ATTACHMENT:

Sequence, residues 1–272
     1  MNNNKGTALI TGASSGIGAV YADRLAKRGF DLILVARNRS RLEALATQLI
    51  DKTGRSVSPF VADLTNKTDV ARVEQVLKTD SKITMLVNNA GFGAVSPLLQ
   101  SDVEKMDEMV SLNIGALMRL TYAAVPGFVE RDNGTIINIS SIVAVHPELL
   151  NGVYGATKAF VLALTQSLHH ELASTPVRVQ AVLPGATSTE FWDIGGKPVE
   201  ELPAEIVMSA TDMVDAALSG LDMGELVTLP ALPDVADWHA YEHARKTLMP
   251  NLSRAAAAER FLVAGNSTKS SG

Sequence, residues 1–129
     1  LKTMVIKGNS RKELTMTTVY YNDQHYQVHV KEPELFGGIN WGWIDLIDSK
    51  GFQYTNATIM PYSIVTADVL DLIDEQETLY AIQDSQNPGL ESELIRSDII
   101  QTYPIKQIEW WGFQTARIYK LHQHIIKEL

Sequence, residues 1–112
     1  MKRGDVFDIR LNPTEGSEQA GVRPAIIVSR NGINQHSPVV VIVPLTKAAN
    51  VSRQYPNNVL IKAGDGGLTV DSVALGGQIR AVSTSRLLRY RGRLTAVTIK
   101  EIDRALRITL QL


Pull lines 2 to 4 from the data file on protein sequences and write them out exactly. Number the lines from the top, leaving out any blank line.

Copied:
     1  MNNNKGTALI TGASSGIGAV YADRLAKRGF DLILVARNRS RLEALATQLI
    51  DKTGRSVSPF VADLTNKTDV ARVEQVLKTD SKITMLVNNA GFGAVSPLLQ
   101  SDVEKMDEMV SLNIGALMRL TYAAVPGFVE RDNGTIINIS SIVAVHPELL